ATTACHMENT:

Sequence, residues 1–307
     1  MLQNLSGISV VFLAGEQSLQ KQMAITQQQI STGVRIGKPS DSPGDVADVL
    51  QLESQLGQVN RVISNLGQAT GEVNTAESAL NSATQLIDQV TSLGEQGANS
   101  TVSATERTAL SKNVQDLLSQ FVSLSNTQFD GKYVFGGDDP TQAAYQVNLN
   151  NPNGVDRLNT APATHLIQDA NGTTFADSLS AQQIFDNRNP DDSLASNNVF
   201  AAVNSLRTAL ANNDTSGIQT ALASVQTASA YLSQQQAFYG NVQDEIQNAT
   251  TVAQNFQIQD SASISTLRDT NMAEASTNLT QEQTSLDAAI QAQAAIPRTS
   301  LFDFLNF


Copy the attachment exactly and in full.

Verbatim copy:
Sequence, residues 1–307
     1  MLQNLSGISV VFLAGEQSLQ KQMAITQQQI STGVRIGKPS DSPGDVADVL
    51  QLESQLGQVN RVISNLGQAT GEVNTAESAL NSATQLIDQV TSLGEQGANS
   101  TVSATERTAL SKNVQDLLSQ FVSLSNTQFD GKYVFGGDDP TQAAYQVNLN
   151  NPNGVDRLNT APATHLIQDA NGTTFADSLS AQQIFDNRNP DDSLASNNVF
   201  AAVNSLRTAL ANNDTSGIQT ALASVQTASA YLSQQQAFYG NVQDEIQNAT
   251  TVAQNFQIQD SASISTLRDT NMAEASTNLT QEQTSLDAAI QAQAAIPRTS
   301  LFDFLNF